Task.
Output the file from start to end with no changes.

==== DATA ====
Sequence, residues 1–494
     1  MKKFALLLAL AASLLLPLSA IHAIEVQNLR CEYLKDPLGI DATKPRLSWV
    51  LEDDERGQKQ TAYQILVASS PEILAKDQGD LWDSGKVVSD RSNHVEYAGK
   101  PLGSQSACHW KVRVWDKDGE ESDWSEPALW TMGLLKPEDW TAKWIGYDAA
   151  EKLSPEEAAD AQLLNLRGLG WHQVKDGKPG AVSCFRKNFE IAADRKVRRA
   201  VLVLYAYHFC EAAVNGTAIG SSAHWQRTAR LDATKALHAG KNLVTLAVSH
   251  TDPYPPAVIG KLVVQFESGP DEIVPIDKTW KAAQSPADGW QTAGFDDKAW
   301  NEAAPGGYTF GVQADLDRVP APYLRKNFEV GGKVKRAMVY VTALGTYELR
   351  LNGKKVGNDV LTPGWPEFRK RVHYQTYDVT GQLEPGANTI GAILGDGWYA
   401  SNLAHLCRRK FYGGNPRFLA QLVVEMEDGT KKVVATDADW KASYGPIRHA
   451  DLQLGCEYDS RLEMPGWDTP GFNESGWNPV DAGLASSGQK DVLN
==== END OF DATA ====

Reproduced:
Sequence, residues 1–494
     1  MKKFALLLAL AASLLLPLSA IHAIEVQNLR CEYLKDPLGI DATKPRLSWV
    51  LEDDERGQKQ TAYQILVASS PEILAKDQGD LWDSGKVVSD RSNHVEYAGK
   101  PLGSQSACHW KVRVWDKDGE ESDWSEPALW TMGLLKPEDW TAKWIGYDAA
   151  EKLSPEEAAD AQLLNLRGLG WHQVKDGKPG AVSCFRKNFE IAADRKVRRA
   201  VLVLYAYHFC EAAVNGTAIG SSAHWQRTAR LDATKALHAG KNLVTLAVSH
   251  TDPYPPAVIG KLVVQFESGP DEIVPIDKTW KAAQSPADGW QTAGFDDKAW
   301  NEAAPGGYTF GVQADLDRVP APYLRKNFEV GGKVKRAMVY VTALGTYELR
   351  LNGKKVGNDV LTPGWPEFRK RVHYQTYDVT GQLEPGANTI GAILGDGWYA
   401  SNLAHLCRRK FYGGNPRFLA QLVVEMEDGT KKVVATDADW KASYGPIRHA
   451  DLQLGCEYDS RLEMPGWDTP GFNESGWNPV DAGLASSGQK DVLN